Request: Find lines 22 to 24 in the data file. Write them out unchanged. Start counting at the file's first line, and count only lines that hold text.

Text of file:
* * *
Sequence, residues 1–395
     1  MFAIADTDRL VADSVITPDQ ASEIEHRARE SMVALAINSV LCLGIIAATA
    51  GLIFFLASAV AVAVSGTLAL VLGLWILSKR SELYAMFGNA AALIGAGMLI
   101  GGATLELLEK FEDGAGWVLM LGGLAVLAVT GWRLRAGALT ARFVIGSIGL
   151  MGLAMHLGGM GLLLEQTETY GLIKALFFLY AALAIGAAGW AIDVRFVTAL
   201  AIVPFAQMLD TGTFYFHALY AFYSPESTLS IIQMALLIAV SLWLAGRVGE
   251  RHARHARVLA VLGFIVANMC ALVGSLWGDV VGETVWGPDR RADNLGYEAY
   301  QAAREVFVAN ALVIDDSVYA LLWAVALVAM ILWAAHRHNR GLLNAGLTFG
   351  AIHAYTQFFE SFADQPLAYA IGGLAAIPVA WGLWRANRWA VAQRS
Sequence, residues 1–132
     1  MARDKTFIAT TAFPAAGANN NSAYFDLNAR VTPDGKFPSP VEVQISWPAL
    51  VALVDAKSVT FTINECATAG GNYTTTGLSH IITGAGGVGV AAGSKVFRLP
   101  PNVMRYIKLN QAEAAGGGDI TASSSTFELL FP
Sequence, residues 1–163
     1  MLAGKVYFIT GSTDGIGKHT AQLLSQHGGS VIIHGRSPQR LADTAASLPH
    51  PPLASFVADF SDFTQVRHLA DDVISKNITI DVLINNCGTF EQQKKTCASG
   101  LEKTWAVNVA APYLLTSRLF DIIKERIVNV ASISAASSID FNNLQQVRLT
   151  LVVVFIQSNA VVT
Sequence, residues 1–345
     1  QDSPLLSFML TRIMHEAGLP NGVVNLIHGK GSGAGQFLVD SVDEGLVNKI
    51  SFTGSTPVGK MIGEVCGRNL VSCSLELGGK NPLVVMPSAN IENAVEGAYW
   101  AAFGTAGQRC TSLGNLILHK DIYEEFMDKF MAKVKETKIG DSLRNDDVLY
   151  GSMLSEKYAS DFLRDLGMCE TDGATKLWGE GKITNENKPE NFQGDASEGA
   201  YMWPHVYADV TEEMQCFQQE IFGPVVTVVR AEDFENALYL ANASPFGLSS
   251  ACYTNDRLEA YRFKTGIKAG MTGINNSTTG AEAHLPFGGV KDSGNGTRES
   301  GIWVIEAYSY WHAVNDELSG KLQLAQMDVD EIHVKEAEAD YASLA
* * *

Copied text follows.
   101  AAFGTAGQRC TSLGNLILHK DIYEEFMDKF MAKVKETKIG DSLRNDDVLY
   151  GSMLSEKYAS DFLRDLGMCE TDGATKLWGE GKITNENKPE NFQGDASEGA
   201  YMWPHVYADV TEEMQCFQQE IFGPVVTVVR AEDFENALYL ANASPFGLSS